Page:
CIGNA Expat Health Insurance

Expat Advice: Culture Shock in Vienna, Austria

Comments Print

What is the name of the city or town that you are reporting on?

Vienna

Did you receive any cross-cultural training for your move abroad? If yes, was it before or after the move?

No training was offered

Moving to Austria Soon?

ExpatExchange's partner, International Moving Quotes, offers you a simple and hassle free solution to plan your move. You'll get up to 5 FREE quotes from trusted international movers. Takes 1 minute! No obligation. Save up to 40%. Only qualified and professional movers. Get your quotes now!

If they speak another language in your new country, do you speak the language? If yes, did you learn the language before you moved or while abroad? If no, are you planning to learn the language?

I didn't speak the language but I have travelled quite a bit and didn't fear the difficulty. I had also been to Vienna before so I kind of know what to expect.

Were you worried or concerned about culture shock before you moved abroad?

I had my family with me the first time which was about 4 years ago so I knew I would have a safety net so to speak. This time however, I am alone and its more difficult.

How significant was the culture shock you experienced when you moved abroad?

This time I was very sad at first but I also had spent about 6 months in Abu Dhabi without family and that was much worse. Vienna has many cultural activities that one can take advantage of which I made a concerted effort to do.

Expats often talk about going through the "stages of culture shock." Examples include the honeymoon phase, the irritation-to-anger stage, the rejection of the culture stage, and the cultural adjustment phase. Do you feel like you went through these or any other stages as you settled into the new culture?

It is difficult to interact with Austrians on a personal basis. Like many cultures in Europe, they are quite closed to outsiders. They are not unfriendly but its difficult to get past the niceties and actually make friends.

What, if any, were some of the changes you noticed in yourself that might have been caused by culture shock? These might include things such as anger, depression, anxiety, increased eating or drinking, frustration, homesickness, etc.

Its hard sometimes to get motivated to do things like travel or eat out when you are alone. I think that leads to thoughts of depression and homesickness.

What are some things you appreciate most about the new culture?

Vienna is a great town with much to do. It is probably among the best cities in the world in which to live. Austrians are not necessarily difficult and English is spoken by virtually everyone now but closeness is still an issue.

What are the most challenging aspects of the new culture?

Being alone and finding friends who are of like ideas and interests. I am happily married and am not looking for romance but having close friends with which to do things is a challenge.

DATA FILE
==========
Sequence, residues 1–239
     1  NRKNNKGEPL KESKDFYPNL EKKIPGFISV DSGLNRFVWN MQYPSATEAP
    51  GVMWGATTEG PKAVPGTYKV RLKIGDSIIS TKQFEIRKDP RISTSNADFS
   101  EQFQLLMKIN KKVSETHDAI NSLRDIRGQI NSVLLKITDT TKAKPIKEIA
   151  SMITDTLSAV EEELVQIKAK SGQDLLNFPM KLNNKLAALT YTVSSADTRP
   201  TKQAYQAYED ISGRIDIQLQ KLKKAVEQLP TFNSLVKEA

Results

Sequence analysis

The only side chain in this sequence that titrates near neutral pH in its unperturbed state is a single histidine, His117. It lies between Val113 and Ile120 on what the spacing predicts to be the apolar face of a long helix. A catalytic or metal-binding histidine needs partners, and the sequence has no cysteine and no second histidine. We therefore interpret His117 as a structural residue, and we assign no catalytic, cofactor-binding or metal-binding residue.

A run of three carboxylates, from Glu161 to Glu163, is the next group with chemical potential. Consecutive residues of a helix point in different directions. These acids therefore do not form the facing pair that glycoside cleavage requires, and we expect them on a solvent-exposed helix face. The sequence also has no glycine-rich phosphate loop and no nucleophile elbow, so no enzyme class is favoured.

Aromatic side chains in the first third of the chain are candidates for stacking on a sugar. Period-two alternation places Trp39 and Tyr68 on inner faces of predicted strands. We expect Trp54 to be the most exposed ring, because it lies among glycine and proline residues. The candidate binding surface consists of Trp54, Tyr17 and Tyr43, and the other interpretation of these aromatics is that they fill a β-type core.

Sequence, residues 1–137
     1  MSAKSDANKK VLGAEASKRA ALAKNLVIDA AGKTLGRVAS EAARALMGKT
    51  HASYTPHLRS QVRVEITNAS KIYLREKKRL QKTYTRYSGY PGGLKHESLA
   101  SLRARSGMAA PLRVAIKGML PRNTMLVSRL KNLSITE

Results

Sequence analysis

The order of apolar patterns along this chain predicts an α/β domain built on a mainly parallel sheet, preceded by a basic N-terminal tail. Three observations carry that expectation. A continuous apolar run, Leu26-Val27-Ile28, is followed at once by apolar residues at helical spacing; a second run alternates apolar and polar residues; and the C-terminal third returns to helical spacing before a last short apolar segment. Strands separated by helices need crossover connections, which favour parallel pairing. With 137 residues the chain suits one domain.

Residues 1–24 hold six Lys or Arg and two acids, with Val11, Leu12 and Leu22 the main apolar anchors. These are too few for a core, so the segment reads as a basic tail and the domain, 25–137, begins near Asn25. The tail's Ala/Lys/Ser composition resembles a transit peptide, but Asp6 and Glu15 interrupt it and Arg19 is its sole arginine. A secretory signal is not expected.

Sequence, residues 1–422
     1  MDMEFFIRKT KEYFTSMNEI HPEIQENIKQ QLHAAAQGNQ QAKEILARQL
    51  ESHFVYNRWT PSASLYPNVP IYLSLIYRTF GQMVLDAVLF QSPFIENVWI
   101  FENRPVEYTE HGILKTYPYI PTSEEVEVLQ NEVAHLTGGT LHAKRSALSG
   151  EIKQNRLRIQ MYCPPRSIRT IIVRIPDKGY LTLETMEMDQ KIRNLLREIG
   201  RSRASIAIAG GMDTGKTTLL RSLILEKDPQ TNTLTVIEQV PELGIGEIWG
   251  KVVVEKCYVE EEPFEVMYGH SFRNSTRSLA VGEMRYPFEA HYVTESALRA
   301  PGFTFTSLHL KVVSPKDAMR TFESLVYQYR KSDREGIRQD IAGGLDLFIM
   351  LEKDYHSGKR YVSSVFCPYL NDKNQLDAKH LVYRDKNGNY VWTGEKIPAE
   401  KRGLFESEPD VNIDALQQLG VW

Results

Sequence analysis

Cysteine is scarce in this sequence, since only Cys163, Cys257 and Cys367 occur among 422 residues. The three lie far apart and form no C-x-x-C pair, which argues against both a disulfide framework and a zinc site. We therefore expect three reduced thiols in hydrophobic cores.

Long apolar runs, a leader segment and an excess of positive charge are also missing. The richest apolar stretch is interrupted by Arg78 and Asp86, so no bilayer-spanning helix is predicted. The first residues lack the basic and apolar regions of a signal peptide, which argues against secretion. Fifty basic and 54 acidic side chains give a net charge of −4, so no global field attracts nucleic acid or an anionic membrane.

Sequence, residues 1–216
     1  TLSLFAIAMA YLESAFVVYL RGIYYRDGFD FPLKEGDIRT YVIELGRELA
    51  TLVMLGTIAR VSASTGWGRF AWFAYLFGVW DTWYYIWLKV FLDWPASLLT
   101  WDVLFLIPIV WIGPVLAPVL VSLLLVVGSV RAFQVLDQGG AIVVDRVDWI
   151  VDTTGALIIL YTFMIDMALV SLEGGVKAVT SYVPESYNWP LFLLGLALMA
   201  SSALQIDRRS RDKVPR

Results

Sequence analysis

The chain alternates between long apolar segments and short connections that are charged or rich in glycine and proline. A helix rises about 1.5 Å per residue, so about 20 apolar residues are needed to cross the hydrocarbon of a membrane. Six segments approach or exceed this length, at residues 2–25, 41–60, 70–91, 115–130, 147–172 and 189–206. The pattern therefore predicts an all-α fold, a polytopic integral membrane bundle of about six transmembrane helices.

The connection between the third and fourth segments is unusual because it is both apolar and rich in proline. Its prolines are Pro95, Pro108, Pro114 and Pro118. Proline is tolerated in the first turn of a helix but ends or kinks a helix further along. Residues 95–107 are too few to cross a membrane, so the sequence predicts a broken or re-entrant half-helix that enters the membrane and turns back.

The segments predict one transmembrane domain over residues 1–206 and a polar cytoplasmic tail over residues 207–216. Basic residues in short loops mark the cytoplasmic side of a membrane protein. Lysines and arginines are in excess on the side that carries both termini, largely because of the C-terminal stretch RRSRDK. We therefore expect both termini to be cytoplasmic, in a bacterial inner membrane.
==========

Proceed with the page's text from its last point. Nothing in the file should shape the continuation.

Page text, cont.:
Did you "commit" any embarrassing or humorous cultural blunders? If you did and you'd like to share them, please do tell!

When first here I rode the Tram and wanted to stop. Not knowing what the red handle was for, I chose to pull it, thereby stopping the tram abruptly. The driver came back and scolded me in German. You get the idea.

Do you have any advice or thoughts about culture shock you would like to share?

It would nice to have a forum to meet other married and alone persons for mutual interests. Not sure where to find it but you should keep on trying.

More Expat Advice about Culture Shock in Austria

Write a Comment about this Expat Report

Sign In to post a comment.

Comments about this Report

guest
Nov 1, 2010 17:44

Well written and accurate.

guest
Feb 21, 2011 14:02

Oh I feel bad as Austrian now. What a shame I am not in Vienna at the moment to help you. I think if you meet people thru work that should help and be quit clear about your situation, I am sure everybody understands and invites you home and everything will go better from there. Most Austrians don't understand Expat life but if you tell them they will be more open. I went to the American school once, they had a flee market in Spring and we met lots of people there.

guest
Sep 6, 2011 11:20

I'm a native Austrian who has lived in the USA for over 50 years, and I travel back every so often. I, too, find that Austrians are not the friendliest people in the wolrd -- virtually no eye contact, much less acknowledgement from strangers in the street (you get spoiled in friendly Texas!). I do remember that there are Austro-American clubs and societies in Vienna where people are interested in forming friendships. Check them out!

guest
Apr 10, 2015 14:43

Being from Austria (but having lived and worked abroad in different countries) the tram mishap just cracked me up (sorry!) But I know my people and some, not all, of the tram operators can be rather grumpy to put it mildly! I thought this individuals take on culture shock was quite thoughtful, you could almost feel how she/he feels, but that may also be because I can relate to a number of culture shocks on different continents.

Join Today (free)

Join Expat Exchange to meet expats in your area or get advice before your move. It's FREE and takes 1 minute!

Copyright 1997-2017 Burlingame Interactive, Inc.

Privacy Policy Legal